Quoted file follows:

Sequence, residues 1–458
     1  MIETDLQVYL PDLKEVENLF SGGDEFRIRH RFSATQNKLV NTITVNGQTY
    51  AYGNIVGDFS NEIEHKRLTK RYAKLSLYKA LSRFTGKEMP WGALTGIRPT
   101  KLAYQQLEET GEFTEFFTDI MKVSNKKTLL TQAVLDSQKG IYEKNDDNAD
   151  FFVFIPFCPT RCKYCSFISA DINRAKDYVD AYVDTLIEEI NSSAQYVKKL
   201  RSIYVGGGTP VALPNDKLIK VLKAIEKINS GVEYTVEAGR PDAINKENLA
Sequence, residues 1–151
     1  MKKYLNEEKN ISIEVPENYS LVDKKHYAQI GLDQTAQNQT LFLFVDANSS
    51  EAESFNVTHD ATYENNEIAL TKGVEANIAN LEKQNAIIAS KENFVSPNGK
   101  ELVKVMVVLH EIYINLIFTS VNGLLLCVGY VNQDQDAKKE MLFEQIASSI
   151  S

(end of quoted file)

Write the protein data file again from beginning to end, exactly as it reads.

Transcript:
Sequence, residues 1–458
     1  MIETDLQVYL PDLKEVENLF SGGDEFRIRH RFSATQNKLV NTITVNGQTY
    51  AYGNIVGDFS NEIEHKRLTK RYAKLSLYKA LSRFTGKEMP WGALTGIRPT
   101  KLAYQQLEET GEFTEFFTDI MKVSNKKTLL TQAVLDSQKG IYEKNDDNAD
   151  FFVFIPFCPT RCKYCSFISA DINRAKDYVD AYVDTLIEEI NSSAQYVKKL
   201  RSIYVGGGTP VALPNDKLIK VLKAIEKINS GVEYTVEAGR PDAINKENLA
Sequence, residues 1–151
     1  MKKYLNEEKN ISIEVPENYS LVDKKHYAQI GLDQTAQNQT LFLFVDANSS
    51  EAESFNVTHD ATYENNEIAL TKGVEANIAN LEKQNAIIAS KENFVSPNGK
   101  ELVKVMVVLH EIYINLIFTS VNGLLLCVGY VNQDQDAKKE MLFEQIASSI
   151  S